At Risk by Stella Rimington

AT RISK0001Stella Rimington is the former head of MI5, apparently the inspiration behind the casting of Judi Dench as “M” in the James Bond films. Since leaving that position she has written her autobiography and several thrillers based on the spy world she knew. At Risk is the first of her books that I’ve read.

The first adult books I read (as a child and young teenager) were spy fiction as were some of my favourite TV shows at that time. And James Bond films were some of the first non-Disney films I saw. I loved that kind of thing – even though I’m sure I didn’t understand a lot of the “not suitable for children” content.

Considering the content of those books and films, the spy world of my childhood was clearly one of fantasy: world travel, glamour, bravery and ingenuity under extreme circumstances…
All very different from the more authentic (?) world Stella Rimington portrays in At Risk. I place the “?” after authentic because I have no way of knowing whether there is authenticity but I found the situations were plausible and the characters convincing.

Liz Carlyle is Rimington’s intelligence agent from MI5. In this book she investigates an anticipated terrorist attack, liaising with other intelligence and law enforcement agencies to track down the suspected terrorists and their target before their plans can be carried out.

The investigation relies on paper trails, computer networks and intuition instead of fast cars, shaken martinis and bedroom exploits. It is more like police work, tracking down leads, following up witnesses, trying to join puzzle pieces together from a headquarters set up in a community hall instead of travelling the glamour spots of the world rubbing shoulders with the rich and powerful.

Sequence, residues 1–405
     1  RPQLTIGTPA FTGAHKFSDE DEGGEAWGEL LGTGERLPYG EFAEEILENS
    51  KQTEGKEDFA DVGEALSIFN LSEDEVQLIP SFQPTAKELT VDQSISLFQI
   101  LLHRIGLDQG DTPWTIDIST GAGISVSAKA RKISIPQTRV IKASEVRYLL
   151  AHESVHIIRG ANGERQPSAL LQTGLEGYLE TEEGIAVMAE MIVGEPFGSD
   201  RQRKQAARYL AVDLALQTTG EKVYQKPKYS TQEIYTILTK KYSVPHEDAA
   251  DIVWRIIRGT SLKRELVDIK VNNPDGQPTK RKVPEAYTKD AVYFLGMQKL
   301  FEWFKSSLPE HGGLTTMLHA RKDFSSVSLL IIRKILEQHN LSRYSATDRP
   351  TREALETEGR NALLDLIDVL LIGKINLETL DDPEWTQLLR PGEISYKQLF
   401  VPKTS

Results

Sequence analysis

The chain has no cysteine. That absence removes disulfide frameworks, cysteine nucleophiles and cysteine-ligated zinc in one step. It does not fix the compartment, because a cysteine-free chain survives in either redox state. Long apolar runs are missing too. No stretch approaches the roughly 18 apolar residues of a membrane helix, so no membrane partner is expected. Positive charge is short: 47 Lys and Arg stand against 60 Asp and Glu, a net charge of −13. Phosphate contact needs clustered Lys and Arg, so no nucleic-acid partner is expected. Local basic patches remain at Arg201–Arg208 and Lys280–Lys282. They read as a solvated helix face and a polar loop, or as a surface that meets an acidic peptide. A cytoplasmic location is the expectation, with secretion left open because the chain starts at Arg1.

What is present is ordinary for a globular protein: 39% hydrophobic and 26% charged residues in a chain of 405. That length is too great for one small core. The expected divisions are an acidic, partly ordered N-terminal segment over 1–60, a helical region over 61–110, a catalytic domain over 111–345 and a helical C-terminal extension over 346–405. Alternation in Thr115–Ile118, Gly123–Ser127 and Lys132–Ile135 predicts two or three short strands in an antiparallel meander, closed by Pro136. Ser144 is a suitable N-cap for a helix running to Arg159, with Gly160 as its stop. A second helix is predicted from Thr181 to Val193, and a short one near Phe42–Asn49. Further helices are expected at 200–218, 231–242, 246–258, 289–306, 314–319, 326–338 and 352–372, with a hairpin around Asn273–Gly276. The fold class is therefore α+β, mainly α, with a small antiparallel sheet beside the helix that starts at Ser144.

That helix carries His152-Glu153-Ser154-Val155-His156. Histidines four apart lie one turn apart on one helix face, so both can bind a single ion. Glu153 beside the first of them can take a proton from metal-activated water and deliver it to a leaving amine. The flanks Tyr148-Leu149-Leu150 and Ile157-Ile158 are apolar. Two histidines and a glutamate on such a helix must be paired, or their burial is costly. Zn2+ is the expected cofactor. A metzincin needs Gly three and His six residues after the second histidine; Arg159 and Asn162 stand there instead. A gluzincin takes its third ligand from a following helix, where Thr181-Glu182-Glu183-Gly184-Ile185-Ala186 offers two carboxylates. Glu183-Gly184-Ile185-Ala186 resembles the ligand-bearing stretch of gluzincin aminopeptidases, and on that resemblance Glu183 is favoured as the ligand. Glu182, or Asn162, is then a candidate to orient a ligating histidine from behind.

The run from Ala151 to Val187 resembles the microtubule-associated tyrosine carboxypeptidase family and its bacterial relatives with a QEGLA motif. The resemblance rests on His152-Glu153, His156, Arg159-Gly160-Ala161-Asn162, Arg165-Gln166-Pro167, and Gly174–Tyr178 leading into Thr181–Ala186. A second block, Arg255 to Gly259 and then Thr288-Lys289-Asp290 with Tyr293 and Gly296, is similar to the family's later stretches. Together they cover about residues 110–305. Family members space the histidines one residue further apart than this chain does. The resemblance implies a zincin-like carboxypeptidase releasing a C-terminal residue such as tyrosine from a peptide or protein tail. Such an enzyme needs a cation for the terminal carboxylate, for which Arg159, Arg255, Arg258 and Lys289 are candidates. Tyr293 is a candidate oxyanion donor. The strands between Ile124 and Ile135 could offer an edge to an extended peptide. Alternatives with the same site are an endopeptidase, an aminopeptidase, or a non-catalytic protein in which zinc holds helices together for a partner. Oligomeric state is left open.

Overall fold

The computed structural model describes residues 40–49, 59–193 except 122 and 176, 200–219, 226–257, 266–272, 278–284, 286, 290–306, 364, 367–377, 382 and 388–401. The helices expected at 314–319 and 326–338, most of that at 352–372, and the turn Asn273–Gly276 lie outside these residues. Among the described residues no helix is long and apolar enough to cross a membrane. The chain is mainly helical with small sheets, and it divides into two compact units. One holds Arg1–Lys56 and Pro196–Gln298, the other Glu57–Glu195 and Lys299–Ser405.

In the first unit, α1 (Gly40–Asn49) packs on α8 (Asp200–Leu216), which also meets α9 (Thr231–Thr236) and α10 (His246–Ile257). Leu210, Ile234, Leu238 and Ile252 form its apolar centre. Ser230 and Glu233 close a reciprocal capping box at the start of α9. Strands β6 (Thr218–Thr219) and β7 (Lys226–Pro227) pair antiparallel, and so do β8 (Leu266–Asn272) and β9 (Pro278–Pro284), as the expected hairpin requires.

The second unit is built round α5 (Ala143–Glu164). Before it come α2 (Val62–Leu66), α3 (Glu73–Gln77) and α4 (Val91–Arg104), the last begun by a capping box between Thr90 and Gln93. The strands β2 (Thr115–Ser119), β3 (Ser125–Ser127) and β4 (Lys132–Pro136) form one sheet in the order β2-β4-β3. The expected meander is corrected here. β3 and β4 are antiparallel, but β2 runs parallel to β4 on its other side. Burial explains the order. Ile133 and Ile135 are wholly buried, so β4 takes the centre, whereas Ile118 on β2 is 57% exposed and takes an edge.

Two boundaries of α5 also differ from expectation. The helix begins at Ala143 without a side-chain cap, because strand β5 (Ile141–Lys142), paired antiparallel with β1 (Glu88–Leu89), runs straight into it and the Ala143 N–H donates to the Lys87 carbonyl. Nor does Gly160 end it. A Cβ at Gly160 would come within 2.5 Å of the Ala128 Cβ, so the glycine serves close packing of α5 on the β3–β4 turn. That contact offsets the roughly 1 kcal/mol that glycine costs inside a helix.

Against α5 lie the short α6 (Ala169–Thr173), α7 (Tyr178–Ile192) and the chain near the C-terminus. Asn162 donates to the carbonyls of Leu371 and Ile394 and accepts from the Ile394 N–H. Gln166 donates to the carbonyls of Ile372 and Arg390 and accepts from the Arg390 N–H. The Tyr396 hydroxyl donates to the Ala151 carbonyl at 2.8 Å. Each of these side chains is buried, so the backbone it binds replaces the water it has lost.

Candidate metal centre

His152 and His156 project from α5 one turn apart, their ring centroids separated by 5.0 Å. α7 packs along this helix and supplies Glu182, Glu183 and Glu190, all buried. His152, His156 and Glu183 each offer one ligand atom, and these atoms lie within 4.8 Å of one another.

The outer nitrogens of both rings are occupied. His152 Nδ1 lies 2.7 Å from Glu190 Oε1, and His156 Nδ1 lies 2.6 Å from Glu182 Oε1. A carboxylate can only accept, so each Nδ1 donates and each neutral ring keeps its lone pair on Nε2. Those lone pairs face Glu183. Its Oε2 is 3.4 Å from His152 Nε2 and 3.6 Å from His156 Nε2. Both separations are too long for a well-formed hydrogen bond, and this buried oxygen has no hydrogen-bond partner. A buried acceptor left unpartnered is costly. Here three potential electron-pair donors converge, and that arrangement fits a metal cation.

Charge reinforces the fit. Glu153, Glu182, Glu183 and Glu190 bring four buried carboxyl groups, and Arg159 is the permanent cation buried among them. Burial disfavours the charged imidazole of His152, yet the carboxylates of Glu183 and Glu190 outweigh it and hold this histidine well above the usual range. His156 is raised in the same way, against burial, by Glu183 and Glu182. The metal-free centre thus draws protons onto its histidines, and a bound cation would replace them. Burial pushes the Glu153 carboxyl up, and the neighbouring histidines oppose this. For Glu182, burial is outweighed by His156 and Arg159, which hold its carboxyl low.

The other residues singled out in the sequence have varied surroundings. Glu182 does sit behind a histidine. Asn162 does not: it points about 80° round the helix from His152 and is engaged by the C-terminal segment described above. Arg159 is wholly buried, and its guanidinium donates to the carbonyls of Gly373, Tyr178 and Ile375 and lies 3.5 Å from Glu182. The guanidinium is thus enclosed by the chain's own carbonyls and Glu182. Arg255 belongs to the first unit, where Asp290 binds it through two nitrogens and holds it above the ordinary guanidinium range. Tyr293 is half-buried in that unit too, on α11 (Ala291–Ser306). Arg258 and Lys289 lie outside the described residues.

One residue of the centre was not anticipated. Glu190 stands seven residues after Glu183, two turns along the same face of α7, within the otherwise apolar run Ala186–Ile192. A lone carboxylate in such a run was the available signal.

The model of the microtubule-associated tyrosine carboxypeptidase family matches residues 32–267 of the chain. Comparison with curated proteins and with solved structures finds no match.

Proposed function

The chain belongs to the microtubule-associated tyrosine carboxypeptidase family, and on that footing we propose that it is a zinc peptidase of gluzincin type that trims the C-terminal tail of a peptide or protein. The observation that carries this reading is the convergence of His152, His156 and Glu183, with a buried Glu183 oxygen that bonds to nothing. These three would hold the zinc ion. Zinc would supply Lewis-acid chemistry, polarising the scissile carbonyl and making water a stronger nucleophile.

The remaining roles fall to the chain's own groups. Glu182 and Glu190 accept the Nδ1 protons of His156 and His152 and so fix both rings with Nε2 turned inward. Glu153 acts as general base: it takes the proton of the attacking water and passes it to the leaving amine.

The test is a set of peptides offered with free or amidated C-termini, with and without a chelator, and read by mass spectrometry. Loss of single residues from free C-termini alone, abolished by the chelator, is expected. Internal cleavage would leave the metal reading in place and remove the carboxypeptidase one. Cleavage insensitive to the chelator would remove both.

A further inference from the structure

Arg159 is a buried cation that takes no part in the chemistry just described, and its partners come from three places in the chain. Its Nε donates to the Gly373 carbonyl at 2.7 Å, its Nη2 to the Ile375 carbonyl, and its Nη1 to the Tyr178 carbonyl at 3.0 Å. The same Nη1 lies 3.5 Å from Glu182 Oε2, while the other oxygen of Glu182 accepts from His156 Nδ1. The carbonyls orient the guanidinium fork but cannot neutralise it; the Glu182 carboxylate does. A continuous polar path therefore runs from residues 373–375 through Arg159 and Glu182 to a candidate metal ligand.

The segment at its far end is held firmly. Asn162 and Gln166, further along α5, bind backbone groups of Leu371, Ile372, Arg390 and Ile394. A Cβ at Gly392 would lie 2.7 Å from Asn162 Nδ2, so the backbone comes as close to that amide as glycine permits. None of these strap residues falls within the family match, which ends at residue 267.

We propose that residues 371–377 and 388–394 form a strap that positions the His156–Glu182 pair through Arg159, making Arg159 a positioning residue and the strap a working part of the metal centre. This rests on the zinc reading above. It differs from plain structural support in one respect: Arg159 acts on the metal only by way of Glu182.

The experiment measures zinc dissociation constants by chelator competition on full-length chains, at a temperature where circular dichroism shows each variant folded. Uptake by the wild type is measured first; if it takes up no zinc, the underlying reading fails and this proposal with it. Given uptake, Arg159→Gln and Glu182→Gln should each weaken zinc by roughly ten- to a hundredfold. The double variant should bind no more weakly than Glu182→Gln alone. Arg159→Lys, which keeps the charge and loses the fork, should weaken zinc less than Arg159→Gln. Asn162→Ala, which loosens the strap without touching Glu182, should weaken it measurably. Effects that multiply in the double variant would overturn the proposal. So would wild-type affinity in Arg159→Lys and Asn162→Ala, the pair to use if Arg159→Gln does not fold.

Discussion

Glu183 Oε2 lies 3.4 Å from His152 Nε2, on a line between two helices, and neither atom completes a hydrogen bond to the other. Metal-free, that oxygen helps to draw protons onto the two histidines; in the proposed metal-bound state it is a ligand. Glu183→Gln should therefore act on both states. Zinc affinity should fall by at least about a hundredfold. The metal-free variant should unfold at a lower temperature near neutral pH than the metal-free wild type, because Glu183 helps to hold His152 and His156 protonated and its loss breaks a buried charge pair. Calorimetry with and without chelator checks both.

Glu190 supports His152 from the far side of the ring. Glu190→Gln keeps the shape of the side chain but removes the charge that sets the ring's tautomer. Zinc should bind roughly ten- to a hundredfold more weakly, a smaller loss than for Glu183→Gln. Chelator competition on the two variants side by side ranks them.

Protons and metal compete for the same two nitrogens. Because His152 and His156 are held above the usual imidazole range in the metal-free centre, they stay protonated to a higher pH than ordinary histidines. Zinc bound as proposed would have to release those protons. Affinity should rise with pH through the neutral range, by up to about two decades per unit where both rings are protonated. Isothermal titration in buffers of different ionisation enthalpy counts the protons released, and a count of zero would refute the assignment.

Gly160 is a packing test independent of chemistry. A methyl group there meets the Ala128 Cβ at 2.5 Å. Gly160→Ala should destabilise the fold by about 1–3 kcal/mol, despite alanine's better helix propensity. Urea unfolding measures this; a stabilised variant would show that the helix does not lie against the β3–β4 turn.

In the first half of the book every second chapter seemed to introduce new characters and it took a while to find out where they fit into the overall story. Looking back, there is still one chapter and one couple whose purpose I can’t figure out – maybe I missed something and need to check that part again.

In the later chapters, as we find out more about the terrorists and their plans, we get to see their human side. They are not hard, amoral villains deserving a suitably spectacular and just end to their lives. There are emotional and logical reasons motivating them; and we find there are plenty of shadows between the extremes of black and white, right and wrong in the intelligence and military worlds.

I now have two more of Rimington’s books and I look forward to seeing how they compare, but first I still have a third of The Satanic Verses left to read.

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Buy Less, Read More?

On the weekend I visited my parents. My mum was reading one of her books for the third time. She had read everything in her library at least twice and had nothing new to read.

booksI don’t have that problem. I have a few bookcases and two large cupboards with bowing shelves full of mostly unread books. When I got home from my parents’ place I tried to go through them to sort out things I’d be unlikely to read, but I found few I was willing to cull.